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Ignore Milk Sell-By Dates, Rely on Nose and Colder Fridge

In an effort to help take the guesswork out of when to pitch milk in your refrigerator, food scientists at Cornell University are advising that your nose knows better about what’s good to drink and what’s not than a sell-by date. Plus, if you just turn the temperature down 4 degrees, it will keep beyond a sell-by date. As a side note, “sell-by” dates often have little science behind them, The Daily Beast reports.

When all is said and done, sell-by dates are not a measure of food safety but, rather, are there to help retailers ensure proper product turnover when stocking shelves. In short, they are messages to retailers, not consumers. On the other hand, other messages, such as “best by” or “best before” and “use by” are codes meant to help consumers know how long a manufacturer thinks the product will taste its optimum best.

Specifically, “best by” dates suggest when to consume the food for best flavor or quality, while “use by” dates merely indicate the last date a manufacturer believes the product is at its peak. Interestingly, many foods can be safely consumed even after they are “expired” using these definitions. So how do you know when to pitch something in your cupboard or refrigerator?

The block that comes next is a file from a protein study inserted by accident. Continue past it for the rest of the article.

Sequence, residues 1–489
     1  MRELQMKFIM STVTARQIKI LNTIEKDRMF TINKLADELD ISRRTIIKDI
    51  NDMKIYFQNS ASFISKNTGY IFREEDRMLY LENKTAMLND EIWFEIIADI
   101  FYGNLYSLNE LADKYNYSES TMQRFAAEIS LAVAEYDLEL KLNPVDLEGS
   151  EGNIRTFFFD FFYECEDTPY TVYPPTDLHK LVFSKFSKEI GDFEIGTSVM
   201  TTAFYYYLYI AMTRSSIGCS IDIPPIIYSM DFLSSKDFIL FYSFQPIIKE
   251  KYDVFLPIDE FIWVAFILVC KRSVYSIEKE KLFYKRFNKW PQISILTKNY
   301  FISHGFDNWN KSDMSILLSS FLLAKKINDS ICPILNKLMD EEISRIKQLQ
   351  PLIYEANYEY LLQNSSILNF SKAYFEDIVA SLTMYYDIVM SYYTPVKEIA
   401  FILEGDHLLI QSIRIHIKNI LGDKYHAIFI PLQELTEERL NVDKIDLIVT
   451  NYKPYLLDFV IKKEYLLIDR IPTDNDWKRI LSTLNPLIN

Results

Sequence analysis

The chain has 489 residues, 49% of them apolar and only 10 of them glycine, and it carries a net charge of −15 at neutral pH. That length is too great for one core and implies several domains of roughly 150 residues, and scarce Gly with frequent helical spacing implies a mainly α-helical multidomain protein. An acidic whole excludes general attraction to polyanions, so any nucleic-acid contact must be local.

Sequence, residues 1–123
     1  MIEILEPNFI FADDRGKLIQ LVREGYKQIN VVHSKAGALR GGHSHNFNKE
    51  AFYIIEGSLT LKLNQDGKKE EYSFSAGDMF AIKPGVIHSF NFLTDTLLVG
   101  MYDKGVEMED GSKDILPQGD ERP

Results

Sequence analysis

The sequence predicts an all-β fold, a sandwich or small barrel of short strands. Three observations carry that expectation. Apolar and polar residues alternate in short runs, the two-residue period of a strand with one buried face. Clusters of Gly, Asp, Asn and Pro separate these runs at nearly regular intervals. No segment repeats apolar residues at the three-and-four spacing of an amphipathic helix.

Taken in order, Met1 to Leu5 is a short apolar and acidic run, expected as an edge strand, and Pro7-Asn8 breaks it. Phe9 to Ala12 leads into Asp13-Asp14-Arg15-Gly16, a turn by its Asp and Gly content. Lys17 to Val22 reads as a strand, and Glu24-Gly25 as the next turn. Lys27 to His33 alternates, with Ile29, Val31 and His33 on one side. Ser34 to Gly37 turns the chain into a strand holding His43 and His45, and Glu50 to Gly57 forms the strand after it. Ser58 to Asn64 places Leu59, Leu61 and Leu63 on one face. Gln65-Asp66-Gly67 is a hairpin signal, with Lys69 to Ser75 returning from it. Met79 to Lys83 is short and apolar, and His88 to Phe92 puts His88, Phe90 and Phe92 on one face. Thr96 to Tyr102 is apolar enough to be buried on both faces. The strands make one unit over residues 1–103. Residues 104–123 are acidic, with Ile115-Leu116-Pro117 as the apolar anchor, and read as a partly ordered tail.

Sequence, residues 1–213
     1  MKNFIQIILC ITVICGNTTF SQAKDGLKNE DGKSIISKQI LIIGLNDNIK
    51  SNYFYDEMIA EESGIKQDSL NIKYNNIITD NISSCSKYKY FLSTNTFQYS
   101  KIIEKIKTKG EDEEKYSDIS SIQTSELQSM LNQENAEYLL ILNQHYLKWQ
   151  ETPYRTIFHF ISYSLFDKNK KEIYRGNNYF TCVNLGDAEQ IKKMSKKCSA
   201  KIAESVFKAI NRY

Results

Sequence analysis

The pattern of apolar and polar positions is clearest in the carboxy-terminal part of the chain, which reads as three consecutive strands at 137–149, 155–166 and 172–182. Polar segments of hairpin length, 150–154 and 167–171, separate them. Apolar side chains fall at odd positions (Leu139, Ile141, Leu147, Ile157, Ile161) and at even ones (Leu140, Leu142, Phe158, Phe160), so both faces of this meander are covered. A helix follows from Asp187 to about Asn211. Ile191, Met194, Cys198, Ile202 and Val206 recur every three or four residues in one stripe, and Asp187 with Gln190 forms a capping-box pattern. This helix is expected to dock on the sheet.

As Cornell’s food scientists recommend, use your nose, as well as your eyes. If something smells “off” or different than you know it should, it’s probably best not to consume it. If you see mold on something, though, do NOT attempt to sniff it — just pitch it. Keeping your refrigerator clean and organized can help you store food properly, too. Please see my article, “The Best Way to Clean and Organize Your Refrigerator,” for more help on that, plus advice on freezing foods.

While we’re on the topic of expiration dates, I can’t help but add that both prescription drugs and over-the-counter (OTCs) medications come with questionable codes and dates that often encourage you to dispose of products when they are still potent and safe to use. In fact, an investigation by the U.S. Food and Drug Administration (FDA) found that nearly 90 of 100 different drugs and OTCs retained their potency even 15 years after the labeled expiration date.

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